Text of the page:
Thank you Seekerville for hosting me today. I love to talk about writing. So let’s start with a question. What is the most memorable part of a story?
We might remember a setting, such as middle earth, a ship in space or a plantation in the Deep South. We might remember the dialogue, those pithy sayings that end up on memes. But for sure we remember great characters, like Scarlett O’Hara and Ret Butler. Frodo and Sam. Dorothy and Oz. Hans and Lea. Ironman and Pepper Potts. The list could go on and on.
There are so many different approaches to take when developing characters. There’s the throw everything at the wall and see what sticks method. Or there are more methodical ways to go about creating unique and unforgettable characters. In my opinion, no one way is better than another. They all work. They all bring out different aspects of characterization. I do a bit of both but lean more toward the methodical style. I use a variety of methods, blending them together to build three-dimensional characters that I hope will be remembered long after readers put down the book. Here some of the ways I build my characters.
1) Goal, Motivation and Conflict by Debra Dixon.
When I first started writing I had no concept of GMC. Soon after I joined Romance Writers of America and the local chapter here in the Rose City, I attended one of Debra Dixon’s workshops and my mind was blown. It made so much sense. I immediately bought her book and devoured it. Each character must have a goal for the story and for their lives. There has to be compelling motivation to make the reader care and enough conflict that keeps the characters from reaching the goal to make the story interesting.
2) The Plot Doctor by Carolyn Greene.
I learned about The Plot Doctor through another writer. I ordered the workbook, back then it came by snail mail. I was so excited to delve into the forms. Did I mention I love forms? The workbook provided is a wonderful tool for organizing the characters and explores deep into the characters psyche, expounding on GMC and adding in misguided goals and things to consider that help the characters grow. There are plotting charts as well as character charts and clear directions on how to use them.
3) Psychological tools such as Enneagrams with Laurie Schnebly and Archetypes (here’s a good list from author Jill Williamson). There are many more sites that list archetypes.
These aren’t the only resources to draw from: there’s Myers-Briggs, Strength Finders, and a whole host of other personality tests and quizzes online. Whatever source you use, it’s only a tool, not an absolute. However, having a template for a character to draw from is an invaluable place to start. Building upon the character traits for any of the enneagrams or archetypes can jump start the creative process. And even combining them help to round out the characters. In my October release A Family Under the Christmas Tree, my hero is an Achiever/Investigator but also a bit of a Lost Soul while the heroine is an Individualist/Loyalist but also a bit of a Free Spirit.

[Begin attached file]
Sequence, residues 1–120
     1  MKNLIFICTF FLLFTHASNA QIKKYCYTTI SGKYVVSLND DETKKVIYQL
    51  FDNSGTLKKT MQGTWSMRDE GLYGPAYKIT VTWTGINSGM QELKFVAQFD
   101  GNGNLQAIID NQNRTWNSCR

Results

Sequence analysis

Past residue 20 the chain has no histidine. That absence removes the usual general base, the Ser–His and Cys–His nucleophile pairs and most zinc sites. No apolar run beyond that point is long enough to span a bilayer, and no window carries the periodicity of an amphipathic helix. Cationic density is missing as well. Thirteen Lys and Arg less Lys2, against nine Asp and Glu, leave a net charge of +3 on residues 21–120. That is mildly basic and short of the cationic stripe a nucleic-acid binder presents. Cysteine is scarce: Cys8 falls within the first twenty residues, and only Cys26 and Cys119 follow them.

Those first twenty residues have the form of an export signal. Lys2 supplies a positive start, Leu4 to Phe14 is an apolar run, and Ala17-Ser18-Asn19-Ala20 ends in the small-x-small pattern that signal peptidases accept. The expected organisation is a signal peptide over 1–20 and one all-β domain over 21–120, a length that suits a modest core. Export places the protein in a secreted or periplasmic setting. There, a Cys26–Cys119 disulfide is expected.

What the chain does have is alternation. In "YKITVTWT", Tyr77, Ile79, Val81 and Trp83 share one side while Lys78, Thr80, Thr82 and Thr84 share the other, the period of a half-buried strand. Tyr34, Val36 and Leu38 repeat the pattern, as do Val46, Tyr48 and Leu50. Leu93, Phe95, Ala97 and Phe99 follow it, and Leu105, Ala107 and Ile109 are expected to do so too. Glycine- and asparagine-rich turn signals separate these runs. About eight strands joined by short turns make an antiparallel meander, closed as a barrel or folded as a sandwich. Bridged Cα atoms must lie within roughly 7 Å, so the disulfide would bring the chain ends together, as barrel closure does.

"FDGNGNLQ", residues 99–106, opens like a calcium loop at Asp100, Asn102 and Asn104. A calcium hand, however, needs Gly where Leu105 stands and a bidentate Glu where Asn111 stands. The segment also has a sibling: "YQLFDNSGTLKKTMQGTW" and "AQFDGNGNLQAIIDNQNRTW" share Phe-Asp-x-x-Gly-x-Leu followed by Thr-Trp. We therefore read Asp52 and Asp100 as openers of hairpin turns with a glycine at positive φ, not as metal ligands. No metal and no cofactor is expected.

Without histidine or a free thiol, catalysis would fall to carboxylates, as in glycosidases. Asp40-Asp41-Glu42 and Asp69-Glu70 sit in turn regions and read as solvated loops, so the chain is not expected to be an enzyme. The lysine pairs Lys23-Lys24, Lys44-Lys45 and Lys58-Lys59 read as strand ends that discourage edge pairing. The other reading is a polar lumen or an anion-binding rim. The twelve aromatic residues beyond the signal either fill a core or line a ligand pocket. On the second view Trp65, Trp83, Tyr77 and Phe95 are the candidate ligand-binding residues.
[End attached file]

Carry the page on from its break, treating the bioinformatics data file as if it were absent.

4) The Writer’s Journey by Christopher Vogler is based on the work of Joseph Campbell, A Hero with a Thousand Faces. Mr. Vogler outlines the 12 steps of a Hero’s Journey that help in plotting but also in creating the character arc. You can also find a Heroine’s journey and a list of Archetypes on The Writer’s Journey website.
I use the twelve steps in every book and when I am blocked in my writing I refer back to them to see if I’ve gone off course. One of the building blocks of the 12 steps is Tests, Allies, and Enemies. These can be interwoven throughout the story and help to reveal different aspects of the character. Meeting with the Mentor is a wonderful opportunity to show character growth within the story.
In my other October release Identity Unknown, my hero has lost his memory so meeting with the Mentor in the form of people from his past helps him, and the reader, discover who he is. Using Allies and Enemies as a way to draw out intrinsic traits that reveal to the heroine who this man is was a wonderful device that allowed me to explore the characters in deeper ways.
5) Story Mastery by Michael Hauge. Hauge has it all. Story arc, plot, and characters. I highly recommend reading his books and, if possible, attending one of his workshops. I have learned so much from his methods on building story, from the logline/pitch to the very last line of the book. Hauge and Vogler have worked together and teach together as well. A potent combination of learning. They have a DVD of their combined methods and show how they complement each other. Hauge also has forms that help to organize and deepen characterization.